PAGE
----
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Elliott v. Industrial Commission

January 19, 1999


Appeal from Circuit Court of Cook County No. 96L50973

The opinion of the court was delivered by: Presiding Justice McCULLOUGH

Honorable John Ward, Judge Presiding.

Claimant Jess Elliott appeals from the order of the circuit court of Cook County confirming a decision of the Illinois Industrial Commission (Commission). The respondent employer is United Airlines, Inc. The arbitrator denied the claim because the claimant's testimony and evidence relating to the existence of an accidental injury were not credible. The Commission affirmed and adopted the decision of the arbitrator. The issues are whether (1) the testimony of Captain John Parker constituted a judicial admission such that the claimant had met his burden of proving he sustained an accidental injury as a matter of law; and (2) the Commission's decision is against the manifest weight of the evidence. We affirm. Only those facts necessary to an understanding of this court's Disposition will be discussed.

The first issue is whether the testimony of Parker constituted a judicial admission. In this case, the request for hearing indicated that whether there was an accident within the purview of the Workers' Compensation Act (Act) (820 ILCS 305/1 et seq. (West 1996)) was at issue. Parker's handwritten report was appended as an exhibit to his evidence deposition and the deposition and exhibit were offered as exhibits at arbitration by claimant.

Statements considered admissions can be determined to be judicial admissions or evidentiary admissions. Ordinarily, "[a] judicial admission is a statement made during the judicial proceeding or contained in a document filed with the court." Williams Nationalease, Ltd. v. Motter, 271 Ill. App. 3d 594, 597, 648 N.E.2d 614, 616 (1995). "An admission by a party is substantive evidence admissible as an exception to the rule excluding hearsay. Ordinary evidentiary admis- sions may be contradicted or explained. M. Graham, Cleary & Graham's Handbook of Illinois Evidence §802.11, at 616 (5th ed. 1990); McCormack v. Haan, 20 Ill. 2d 75, 78 (1960). However, ordinary evidentiary admis- sions should be distinguished from judicial admissions, which conclusively bind a party.

Judicial admissions are defined as deliberate, clear, unequivocal statements by a party about a concrete fact within that party's knowledge. Hansen v. Ruby Construction Co., 155 Ill. App. 3d 475, 480 (1987). Where made, a judicial admission may not be contradicted in a motion for summary judgment (Schmahl v. A.V.C. Enterprises, Inc., 148 Ill. App. 3d 324, 331 (1986)) or at trial (Dayan v. McDonald's Corp., 125 Ill. App. 3d 972, 983 (1984)). The purpose of the rule is to remove the temptation to commit perjury. Smith v. Ashley, 29 Ill. App. 3d 932, 935 (1975)." In re Estate of Rennick, 181 Ill. 2d 395, 406-07, 692 N.E.2d 1150, 1156 (1998). Whether the deposition testimony constitutes a judicial admission because it is unequivocal is a question of law. Hansen v. Ruby Construction Co., 155 Ill. App. 3d 475, 480, 508 N.E.2d 301, 304 (1987). Issues of law are considered de novo on review without deference to the Commission's determination. Sorenson v. Industrial Comm'n, 281 Ill. App. 3d 373, 381, 666 N.E.2d 713, 718 (1996), quoting Metropolitan Water Reclamation District v. Industrial Comm'n, 272 Ill. App. 3d 732, 734, 650 N.E.2d 671, 673 (1995).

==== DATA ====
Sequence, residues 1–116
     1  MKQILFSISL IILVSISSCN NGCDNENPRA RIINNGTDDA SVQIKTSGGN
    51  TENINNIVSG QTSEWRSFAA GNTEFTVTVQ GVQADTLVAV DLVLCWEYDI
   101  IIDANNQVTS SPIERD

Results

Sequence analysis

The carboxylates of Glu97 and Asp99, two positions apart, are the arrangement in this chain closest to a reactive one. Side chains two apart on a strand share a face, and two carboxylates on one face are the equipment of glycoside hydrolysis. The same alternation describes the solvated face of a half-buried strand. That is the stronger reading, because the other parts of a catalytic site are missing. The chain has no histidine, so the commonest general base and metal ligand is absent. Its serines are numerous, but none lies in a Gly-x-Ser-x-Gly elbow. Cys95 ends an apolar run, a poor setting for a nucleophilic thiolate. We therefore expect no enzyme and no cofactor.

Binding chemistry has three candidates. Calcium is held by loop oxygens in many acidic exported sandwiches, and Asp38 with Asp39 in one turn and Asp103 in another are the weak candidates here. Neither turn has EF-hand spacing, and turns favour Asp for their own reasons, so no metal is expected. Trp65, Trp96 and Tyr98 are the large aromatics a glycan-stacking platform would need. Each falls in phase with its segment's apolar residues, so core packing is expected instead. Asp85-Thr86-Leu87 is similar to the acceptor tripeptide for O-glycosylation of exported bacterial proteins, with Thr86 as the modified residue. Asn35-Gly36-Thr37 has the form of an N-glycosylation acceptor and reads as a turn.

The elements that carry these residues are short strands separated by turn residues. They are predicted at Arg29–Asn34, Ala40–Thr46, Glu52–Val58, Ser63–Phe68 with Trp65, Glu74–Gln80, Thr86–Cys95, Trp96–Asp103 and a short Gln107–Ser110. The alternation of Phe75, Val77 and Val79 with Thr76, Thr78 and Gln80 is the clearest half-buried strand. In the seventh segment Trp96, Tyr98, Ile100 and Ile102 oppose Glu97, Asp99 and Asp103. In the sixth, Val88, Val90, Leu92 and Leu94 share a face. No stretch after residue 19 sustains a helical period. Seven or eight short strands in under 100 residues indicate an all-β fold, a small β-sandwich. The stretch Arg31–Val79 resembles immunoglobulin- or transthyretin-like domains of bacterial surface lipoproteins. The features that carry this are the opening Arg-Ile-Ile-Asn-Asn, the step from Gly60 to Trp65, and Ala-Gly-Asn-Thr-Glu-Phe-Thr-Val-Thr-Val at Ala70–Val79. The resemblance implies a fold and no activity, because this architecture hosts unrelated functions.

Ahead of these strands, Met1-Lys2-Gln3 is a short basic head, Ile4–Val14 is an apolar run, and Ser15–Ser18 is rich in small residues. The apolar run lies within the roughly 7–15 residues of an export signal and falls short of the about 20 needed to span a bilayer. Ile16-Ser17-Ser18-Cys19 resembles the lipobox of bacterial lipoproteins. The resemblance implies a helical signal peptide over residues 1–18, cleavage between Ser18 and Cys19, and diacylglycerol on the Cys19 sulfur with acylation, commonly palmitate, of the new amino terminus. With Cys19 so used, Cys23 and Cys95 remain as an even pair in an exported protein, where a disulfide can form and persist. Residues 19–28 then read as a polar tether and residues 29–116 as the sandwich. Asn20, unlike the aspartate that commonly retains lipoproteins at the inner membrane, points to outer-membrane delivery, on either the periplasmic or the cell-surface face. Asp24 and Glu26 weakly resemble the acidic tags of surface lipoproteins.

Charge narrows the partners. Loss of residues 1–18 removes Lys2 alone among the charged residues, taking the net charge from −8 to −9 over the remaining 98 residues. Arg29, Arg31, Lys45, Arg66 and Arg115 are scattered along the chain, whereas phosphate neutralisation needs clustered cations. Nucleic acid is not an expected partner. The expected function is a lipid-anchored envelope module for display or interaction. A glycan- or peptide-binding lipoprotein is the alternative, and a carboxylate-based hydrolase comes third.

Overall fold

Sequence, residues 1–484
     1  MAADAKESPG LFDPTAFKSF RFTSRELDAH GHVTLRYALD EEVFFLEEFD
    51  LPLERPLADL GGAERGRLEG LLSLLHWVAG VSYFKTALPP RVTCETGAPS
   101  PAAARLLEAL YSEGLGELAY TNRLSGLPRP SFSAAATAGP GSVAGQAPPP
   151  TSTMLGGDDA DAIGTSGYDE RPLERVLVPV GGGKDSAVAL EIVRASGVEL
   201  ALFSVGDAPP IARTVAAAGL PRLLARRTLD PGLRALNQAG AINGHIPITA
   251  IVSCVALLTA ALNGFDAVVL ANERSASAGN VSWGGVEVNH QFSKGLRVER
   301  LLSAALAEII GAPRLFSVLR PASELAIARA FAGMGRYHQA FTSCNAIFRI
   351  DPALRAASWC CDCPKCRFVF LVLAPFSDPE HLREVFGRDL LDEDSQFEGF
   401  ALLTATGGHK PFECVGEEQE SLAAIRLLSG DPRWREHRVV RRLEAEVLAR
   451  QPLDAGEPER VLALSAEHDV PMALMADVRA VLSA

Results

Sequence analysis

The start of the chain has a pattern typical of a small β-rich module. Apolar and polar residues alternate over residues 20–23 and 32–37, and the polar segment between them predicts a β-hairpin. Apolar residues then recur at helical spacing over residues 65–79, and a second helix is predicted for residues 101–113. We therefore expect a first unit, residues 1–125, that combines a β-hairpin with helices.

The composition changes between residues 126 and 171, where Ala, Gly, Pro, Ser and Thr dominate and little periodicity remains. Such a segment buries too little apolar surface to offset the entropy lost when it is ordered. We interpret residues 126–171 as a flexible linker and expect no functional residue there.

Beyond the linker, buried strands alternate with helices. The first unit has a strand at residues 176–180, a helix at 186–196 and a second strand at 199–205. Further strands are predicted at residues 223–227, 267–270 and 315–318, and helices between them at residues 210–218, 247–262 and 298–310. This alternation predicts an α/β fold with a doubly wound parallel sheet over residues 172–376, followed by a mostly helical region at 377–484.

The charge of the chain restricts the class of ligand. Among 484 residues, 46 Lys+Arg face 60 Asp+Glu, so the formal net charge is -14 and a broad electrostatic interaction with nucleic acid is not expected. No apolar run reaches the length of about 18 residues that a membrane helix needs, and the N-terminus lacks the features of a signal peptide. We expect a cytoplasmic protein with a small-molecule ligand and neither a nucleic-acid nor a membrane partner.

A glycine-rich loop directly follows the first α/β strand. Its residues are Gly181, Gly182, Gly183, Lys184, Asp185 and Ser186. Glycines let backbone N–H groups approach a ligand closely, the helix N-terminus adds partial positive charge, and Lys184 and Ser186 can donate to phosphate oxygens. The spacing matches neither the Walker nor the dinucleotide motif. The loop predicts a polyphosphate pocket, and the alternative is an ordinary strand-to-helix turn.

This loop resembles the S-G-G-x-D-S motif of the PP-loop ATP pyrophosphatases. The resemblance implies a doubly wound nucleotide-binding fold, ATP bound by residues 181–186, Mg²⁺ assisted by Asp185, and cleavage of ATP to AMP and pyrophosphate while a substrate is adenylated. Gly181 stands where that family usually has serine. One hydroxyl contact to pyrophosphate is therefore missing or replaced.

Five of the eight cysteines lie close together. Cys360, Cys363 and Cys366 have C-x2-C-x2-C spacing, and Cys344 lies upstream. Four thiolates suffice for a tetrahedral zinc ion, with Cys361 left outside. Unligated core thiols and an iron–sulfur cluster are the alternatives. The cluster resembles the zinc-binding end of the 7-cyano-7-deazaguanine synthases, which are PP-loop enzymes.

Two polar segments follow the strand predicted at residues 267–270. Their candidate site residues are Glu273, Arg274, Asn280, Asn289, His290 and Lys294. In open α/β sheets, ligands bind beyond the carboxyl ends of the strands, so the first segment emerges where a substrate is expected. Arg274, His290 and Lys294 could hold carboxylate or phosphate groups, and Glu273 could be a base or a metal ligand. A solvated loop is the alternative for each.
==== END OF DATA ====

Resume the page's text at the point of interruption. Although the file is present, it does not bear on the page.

In this case, the statement and deposition were those of an employee of respondent. Claimant argues that a statement made by an employee within the scope of and during the employment relationship is a judicial admission. Claimant relies on Halleck v. Coastal Building Maintenance Co., 269 Ill. App. 3d 887, 647 N.E.2d 618 (1995) and Miller v. J.M. Jones Co., 225 Ill. App. 3d 799, 587 N.E.2d 654 (1992). Claimant's cited cases do not support his position. It is clear from the Discussion in Halleck that the admission in that case was not considered a judicial admission. Indeed, the employee's statement had been sought to be admitted as an admission to avoid the application of the rule against hearsay. Halleck, 269 Ill. App. 3d at 891-93, 647 N.E.2d at 623-24. Similarly, in Miller, there is no Discussion of the statement of the agent being a judicial admission. Miller, 225 Ill. App. 3d at 802-03, 587 N.E.2d at 657-58. In the reply brief, claimant cites Rinchich v. Village of Bridgeview, 235 Ill. App. 3d 614, 626-27, 601 N.E.2d 1202, 1210 (1992), which employs a similar analysis and also does not discuss judicial admissions. Furthermore, these decisions rely on a section in Cleary and Graham different from the section on judicial admissions. Compare M. Graham, Cleary & Graham's Handbook of Illinois Evidence §802.9 with §802.11 (6th ed. 1994).